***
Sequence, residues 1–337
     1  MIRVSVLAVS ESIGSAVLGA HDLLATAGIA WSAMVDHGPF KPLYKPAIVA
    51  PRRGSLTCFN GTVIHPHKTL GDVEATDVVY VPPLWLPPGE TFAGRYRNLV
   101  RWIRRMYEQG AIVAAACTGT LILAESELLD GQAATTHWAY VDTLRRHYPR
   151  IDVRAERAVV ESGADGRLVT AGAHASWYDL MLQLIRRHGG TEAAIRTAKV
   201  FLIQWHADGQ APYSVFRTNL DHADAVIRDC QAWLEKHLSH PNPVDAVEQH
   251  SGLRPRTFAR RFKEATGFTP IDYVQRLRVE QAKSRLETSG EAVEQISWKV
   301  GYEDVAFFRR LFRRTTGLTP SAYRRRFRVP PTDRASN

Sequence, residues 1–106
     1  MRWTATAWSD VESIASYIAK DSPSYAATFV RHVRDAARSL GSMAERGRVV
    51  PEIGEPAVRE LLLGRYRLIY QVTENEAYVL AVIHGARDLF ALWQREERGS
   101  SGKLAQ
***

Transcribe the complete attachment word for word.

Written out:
Sequence, residues 1–337
     1  MIRVSVLAVS ESIGSAVLGA HDLLATAGIA WSAMVDHGPF KPLYKPAIVA
    51  PRRGSLTCFN GTVIHPHKTL GDVEATDVVY VPPLWLPPGE TFAGRYRNLV
   101  RWIRRMYEQG AIVAAACTGT LILAESELLD GQAATTHWAY VDTLRRHYPR
   151  IDVRAERAVV ESGADGRLVT AGAHASWYDL MLQLIRRHGG TEAAIRTAKV
   201  FLIQWHADGQ APYSVFRTNL DHADAVIRDC QAWLEKHLSH PNPVDAVEQH
   251  SGLRPRTFAR RFKEATGFTP IDYVQRLRVE QAKSRLETSG EAVEQISWKV
   301  GYEDVAFFRR LFRRTTGLTP SAYRRRFRVP PTDRASN

Sequence, residues 1–106
     1  MRWTATAWSD VESIASYIAK DSPSYAATFV RHVRDAARSL GSMAERGRVV
    51  PEIGEPAVRE LLLGRYRLIY QVTENEAYVL AVIHGARDLF ALWQREERGS
   101  SGKLAQ